Nfld. & Labrador

N.L.'s only mosque to 'beef up' security after Quebec City shooting

The president of the Muslim Association of Newfoundland and Labrador says the violence of a Sunday night shooting at a mosque in Quebec City Sunday is alarming.

Muslim Association of N.L. also concerned about Trump travel restrictions

Expressions of sympathy and solidarity left outside the mosque on Logy Bay Road in St. John's. (CBC)

Newfoundland and Labrador's only mosque is considering increasing security after a shooting in Quebec City on Sunday that left at least six people dead.

"We have to, I would say, beef up the security systems more than what we were planning to do. We already have cameras, but we may have to have more," said the president of the Muslim Association of Newfoundland and Labrador, Syed Pirzada, 

We have to, I would say, beef up the security systems.- Syed Pirzada

"Probably the other mosque [in Quebec City] had the same, and a lot of places have the same cameras and security system, much more than we have, but it's the education … we need to educate our communities how to be more tolerant."

Pirzada said teaching people to react appropriately to threatening behaviour is important, but but extra precautions at the St. John's mosque won't go astray.

"I think we need to have a second look … to make sure our premises is secure, because these things do happen. Right now, although we feel that we are immune and we want to feel that way, prevention is always better," he said.

Syed Pirzada, president of the Muslim Association in N.L., says the shootings should be loudly condemned. (Sherry Vivian/CBC)

​'Canada has no place for such hate'

Pirzada learned about the shooting moments before speaking to the St. John's Morning Show Monday, and offered condolences to the families in Quebec.

"I just have no words to explain my sorrow and grief that this is happening in our country, in Canada."

After living in St. John's for almost 20 years he said he's "not seen such type of terrorist act or violence."

"I'm so deeply affected by this."

While it's not clear what motivated the Quebec City shooting, "this killing, coming with a plan, coming with this intent — I have not seen this type of violence, at least in Canada. This is unheard of in our country. That's why it's very, very upsetting and alarming," Pirzada said. 

"Canada has no place for such violence. Canada has no place for such hate, hate crimes," he said. "It should be condemned in [the] harshest possible words.

Father's Pain

Sunday night's shooting led to a difficult conversation between Hasan Hai, a Muslim living in St. John's, and his two children during the ride to school Monday.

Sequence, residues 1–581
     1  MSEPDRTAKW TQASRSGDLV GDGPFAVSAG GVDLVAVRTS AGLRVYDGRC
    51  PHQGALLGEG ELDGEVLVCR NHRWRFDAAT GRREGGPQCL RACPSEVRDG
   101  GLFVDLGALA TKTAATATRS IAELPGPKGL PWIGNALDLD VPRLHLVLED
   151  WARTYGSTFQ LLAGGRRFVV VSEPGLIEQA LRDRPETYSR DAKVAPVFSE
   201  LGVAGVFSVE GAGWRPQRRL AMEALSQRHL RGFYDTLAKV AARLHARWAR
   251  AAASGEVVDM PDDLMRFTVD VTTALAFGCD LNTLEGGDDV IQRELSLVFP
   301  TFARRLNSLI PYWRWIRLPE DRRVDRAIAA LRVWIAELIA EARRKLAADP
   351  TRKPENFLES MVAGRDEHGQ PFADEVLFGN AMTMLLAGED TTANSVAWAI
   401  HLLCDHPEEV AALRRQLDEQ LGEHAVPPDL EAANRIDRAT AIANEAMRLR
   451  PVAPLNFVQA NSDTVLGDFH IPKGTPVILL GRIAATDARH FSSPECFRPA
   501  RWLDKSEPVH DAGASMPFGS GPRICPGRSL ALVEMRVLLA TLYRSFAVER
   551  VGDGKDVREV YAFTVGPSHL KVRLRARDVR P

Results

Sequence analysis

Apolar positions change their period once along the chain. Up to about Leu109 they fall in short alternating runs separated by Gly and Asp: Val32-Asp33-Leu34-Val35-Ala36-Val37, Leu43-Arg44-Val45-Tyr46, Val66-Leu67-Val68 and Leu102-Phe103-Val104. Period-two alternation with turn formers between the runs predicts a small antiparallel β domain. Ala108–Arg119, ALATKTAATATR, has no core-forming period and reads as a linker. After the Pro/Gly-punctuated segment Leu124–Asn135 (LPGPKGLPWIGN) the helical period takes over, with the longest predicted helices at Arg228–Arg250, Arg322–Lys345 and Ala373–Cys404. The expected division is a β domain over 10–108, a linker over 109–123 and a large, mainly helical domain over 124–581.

"I had to tell my eight and 10 year old why was I crying," said Hai.

He told his kids that "some bad people, they hurt some people in Quebec City."

Hasan Hai, a muslim living in St. John's says no one should have to have a conversation with their children like the one that he had following a shooting at a Quebec City mosque. 2:55

When his kids asked why, Hai answered that the shooters "hated them because they were different."

"Is that because of Donald Trump?" Hai's daughter replied. 

"I said in part, yes. It's people like him, leaders like him spreading a narrative of hate and making it okay for everyone else to act and feel like that," said Hai.

"No one should have that conversation with their kids or any child."

Trump troubles

Pirzada said the Muslim community in St. John's is concerned about U.S. President Donald Trump's travel ban on seven Muslim-majority countries, announced Friday night. 

"It is creating lots of discussion, lots of frustration ... and there's a lot of ambiguity."

People gather to protest against the travel ban imposed by U.S. President Donald Trump's executive order, at O'Hare airport in Chicago, Illinois, U.S. January 28, 2017. REUTERS/Kamil Krzaczynski - RTSXU3O

He said this is just one of Trump's executive orders, and the next four years will be very interesting for the U.S. and its neighbours. 

"Who is going to benefit? As far as I see, only the terrorists, only the terrorists and their supporters will benefit from this division among our countries," he said. 

"And not only that, in the communities, we need to have a dialogue about peace."

MUN waives fees for affected students 

Memorial University denounced Trump's travel ban in a release issued Monday afternoon, and has taken several measures to offer "immediate and tangible support" to students and faculty affected by the 90-day travel restriction to the U.S.

The university said the ban affects international studies, academic conferences, and family relationships of people within the university community. 

"And it poses a significant threat to the free flow of people and ideas and to the values of diversity, inclusion and openness, hallmarks of a strong and healthy society," the release said. 

MUN is waiving application fees for students from the U.S. and the seven countries affected (Iran, Iraq, Libya, Somalia, Sudan, Syria and Yemen) for 90 days. 

The university said it's looking into first-semester scholarships for affected students and extra help for students considering travel to the U.S. for academic purposes or requiring immigration advice.

Displays of support

Monday afternoon the City of St. John's lowered its flags to half-mast in honour of the shooting victims, according to a Facebook post from Ron Ellsworth.

The government of Newfoundland and Labrador also announced on Twitter they would be lowering the flags on the Quebec-Labrador.

With files from the St. John's Morning Show